Articles Posted in How Lawyers Deliver Their Services to Business

On July 10, 2018 U.S. Bankruptcy Court for the Central District of Illinois Judge Mary Gorman issued a 54-page opinion explaining why she cut a law firm’s requested total hourly fee of $1.8 million down to an approved total hourly fee of $670,000.

Judge Gorman was responsible to approve or disapprove legal fees charged to the debtor by the debtor’s law firm because those fees are paid out of the bankruptcy estate’s assets.

The judge’s explanation of her drastic fee cut offers a case study in the perverse incentives of the billable hour.

Notes on format and content:

1. The text in this and the following two posts doesn’t refer to the law firm or its attorneys by name — but to the Law Firm, or to Attorney A, Attorney B, etc. This post’s purpose is to make a point about cost control and management of legal work — not to embarrass anyone.

The Law Firm ranks among the American Lawyer magazine’s “AmLaw200” — the 200 largest U.S. law firms by gross revenue and other key metrics.

2. While I don’t wish to embarrass anyone, I do need to substantiate what I say by reference to objective sources. Therefore the law firm and lawyers named in Judge Gorman’s 54-page opinion can be readily identified in it. Also, I consulted other court filings on the electronic docket (pay wall) for In re: Earl Gaudio & Son, Inc. at Case No. 13-90942.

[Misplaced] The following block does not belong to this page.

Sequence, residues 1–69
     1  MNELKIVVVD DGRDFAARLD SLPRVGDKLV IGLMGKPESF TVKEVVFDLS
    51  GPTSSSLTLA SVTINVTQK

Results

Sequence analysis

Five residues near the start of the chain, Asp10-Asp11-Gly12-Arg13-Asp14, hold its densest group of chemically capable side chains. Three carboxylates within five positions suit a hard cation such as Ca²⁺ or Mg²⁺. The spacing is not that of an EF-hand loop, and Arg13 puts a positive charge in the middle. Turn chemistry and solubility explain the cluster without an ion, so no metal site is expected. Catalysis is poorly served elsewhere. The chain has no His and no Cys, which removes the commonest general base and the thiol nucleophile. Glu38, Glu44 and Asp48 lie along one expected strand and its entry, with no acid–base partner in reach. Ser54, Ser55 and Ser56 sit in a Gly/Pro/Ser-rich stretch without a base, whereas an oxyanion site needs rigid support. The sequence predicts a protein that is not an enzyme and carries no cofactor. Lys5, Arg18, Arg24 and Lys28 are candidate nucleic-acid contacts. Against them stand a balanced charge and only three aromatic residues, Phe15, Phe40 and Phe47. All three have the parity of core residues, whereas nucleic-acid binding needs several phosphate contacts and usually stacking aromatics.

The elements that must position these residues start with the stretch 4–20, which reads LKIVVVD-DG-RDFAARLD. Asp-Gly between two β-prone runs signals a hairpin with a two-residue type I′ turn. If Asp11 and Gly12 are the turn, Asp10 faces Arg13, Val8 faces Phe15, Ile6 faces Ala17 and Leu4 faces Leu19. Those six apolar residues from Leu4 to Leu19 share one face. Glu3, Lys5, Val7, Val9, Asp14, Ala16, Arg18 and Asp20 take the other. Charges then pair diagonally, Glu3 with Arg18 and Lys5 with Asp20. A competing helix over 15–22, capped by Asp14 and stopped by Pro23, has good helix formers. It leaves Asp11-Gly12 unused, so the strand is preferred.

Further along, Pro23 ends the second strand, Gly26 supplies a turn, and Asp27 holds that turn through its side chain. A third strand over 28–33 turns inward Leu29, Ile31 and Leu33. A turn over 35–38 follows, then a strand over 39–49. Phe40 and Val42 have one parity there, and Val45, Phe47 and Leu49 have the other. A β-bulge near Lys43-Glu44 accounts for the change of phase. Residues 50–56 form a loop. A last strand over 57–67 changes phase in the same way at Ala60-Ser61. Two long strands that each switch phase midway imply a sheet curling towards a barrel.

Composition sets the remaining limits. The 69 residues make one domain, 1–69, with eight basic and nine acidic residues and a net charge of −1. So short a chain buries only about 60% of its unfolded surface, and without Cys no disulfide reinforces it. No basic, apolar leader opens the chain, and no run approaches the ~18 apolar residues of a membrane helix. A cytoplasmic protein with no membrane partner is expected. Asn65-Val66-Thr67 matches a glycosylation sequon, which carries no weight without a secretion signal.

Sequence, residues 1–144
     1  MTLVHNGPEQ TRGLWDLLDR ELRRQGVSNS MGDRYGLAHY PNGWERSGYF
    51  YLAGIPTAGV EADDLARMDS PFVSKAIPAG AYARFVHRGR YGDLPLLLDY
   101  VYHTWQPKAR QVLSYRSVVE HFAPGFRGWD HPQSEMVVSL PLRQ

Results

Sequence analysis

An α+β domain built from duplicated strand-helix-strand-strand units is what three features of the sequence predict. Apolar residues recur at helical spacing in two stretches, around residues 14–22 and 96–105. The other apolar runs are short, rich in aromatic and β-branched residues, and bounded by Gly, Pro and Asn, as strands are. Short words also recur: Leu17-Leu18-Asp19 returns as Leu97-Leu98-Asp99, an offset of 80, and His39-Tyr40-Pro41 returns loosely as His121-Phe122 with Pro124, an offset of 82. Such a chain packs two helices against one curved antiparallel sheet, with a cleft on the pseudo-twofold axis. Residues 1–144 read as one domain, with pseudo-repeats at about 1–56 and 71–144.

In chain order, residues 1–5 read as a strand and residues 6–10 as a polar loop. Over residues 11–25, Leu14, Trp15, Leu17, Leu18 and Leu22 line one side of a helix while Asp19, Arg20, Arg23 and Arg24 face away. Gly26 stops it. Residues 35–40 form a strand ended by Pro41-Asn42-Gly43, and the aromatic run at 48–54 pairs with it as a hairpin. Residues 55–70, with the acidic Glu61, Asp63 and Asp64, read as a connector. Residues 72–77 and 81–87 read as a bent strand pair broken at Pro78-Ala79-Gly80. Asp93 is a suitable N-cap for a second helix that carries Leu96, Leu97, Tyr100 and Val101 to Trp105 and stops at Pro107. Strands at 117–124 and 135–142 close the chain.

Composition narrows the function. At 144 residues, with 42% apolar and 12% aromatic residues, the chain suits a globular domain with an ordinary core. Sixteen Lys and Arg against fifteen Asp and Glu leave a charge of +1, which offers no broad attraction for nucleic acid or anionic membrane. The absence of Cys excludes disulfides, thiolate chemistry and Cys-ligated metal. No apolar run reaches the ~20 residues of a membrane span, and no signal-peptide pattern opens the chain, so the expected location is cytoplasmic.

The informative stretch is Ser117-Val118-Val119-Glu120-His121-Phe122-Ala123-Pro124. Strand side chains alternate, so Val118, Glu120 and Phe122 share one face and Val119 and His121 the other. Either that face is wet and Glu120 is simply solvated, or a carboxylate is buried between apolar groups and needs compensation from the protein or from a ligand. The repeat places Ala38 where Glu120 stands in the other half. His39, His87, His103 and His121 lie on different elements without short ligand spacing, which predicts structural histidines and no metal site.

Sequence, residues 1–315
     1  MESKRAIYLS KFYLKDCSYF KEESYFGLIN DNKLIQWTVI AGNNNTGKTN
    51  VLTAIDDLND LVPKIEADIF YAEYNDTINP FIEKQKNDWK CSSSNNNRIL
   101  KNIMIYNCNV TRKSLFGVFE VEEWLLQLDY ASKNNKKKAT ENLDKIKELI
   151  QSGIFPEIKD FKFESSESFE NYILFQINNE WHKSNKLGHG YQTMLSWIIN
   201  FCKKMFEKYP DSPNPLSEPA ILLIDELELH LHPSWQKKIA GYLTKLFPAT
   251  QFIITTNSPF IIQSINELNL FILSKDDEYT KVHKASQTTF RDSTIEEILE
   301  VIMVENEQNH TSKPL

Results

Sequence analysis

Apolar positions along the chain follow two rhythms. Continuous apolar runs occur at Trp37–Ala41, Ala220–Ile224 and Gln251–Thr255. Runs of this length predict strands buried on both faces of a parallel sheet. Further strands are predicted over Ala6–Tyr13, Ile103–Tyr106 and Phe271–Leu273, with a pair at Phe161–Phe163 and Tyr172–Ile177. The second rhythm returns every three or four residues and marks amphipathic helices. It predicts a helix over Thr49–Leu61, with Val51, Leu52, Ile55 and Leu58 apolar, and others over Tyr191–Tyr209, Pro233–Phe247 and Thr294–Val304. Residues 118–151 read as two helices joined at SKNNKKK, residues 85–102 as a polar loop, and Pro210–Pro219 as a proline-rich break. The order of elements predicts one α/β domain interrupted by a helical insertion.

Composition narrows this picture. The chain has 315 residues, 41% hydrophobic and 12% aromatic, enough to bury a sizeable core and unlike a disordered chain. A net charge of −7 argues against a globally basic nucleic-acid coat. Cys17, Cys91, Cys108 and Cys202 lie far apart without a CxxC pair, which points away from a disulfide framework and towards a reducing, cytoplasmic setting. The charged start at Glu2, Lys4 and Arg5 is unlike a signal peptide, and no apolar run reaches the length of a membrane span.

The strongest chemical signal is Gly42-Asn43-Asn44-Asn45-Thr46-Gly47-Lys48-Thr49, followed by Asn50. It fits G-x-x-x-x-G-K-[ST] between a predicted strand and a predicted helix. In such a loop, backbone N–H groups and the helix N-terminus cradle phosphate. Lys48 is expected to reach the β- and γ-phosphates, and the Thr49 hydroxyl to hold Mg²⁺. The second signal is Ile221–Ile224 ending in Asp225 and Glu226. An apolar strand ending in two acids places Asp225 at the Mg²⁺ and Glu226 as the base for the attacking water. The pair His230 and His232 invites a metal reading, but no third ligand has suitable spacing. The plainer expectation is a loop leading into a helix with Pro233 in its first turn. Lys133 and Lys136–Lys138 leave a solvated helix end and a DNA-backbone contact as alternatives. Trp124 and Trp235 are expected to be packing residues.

3. Unlike this blog, Judge Gorman’s opinion did not address the wisdom of pricing lawyers’ services by reference to billable hours versus an alternative fee arrangement. To the contrary, when a lawyer seeks approval of legal fees from a federal court, the billable hour is the standard because that is the conventional model of the legal profession. (I followed this practice myself three years ago after winning a judgment for my client in a civil rights lawsuit — because I had to.)

4. My argument is not that use of the billable hour necessarily leads to excess costs and wasted effort — but that it creates incentives that make those bad outcomes more likely.

I begin with Judge Gorman’s summary offered at the end of her 54-page opinion — with underlined headings that I’ve provided:


Failure to “Focus on this Case as Required”

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With this post I conclude a 4-part analysis of positive alternatives to the status quo in legal services presented by the Big 4 accounting firms to U.S. businesses.

In Part 1 I addressed survey results from law firms in which 69% of responding law firm leaders reported that “partners [in law firms] resist most change efforts”.

The reason? 59% of responding law firm leaders stated that their partners “resist most change efforts” in the way they deliver services to clients, because:

“We are not feeling enough economic pain to motivate more significant change.”


Businesses — speaking through 55% of chief legal officers surveyed — reported that they don’t negotiate better price and terms of service with their law firms because they:

“Believe that they do not have enough buying power to negotiate more effectively.”


The fact that law firms report such complacency and that businesses feel stuck which what law firms are giving them prompts a question: Are there any good alternative sources of legal services available to U.S. businesses?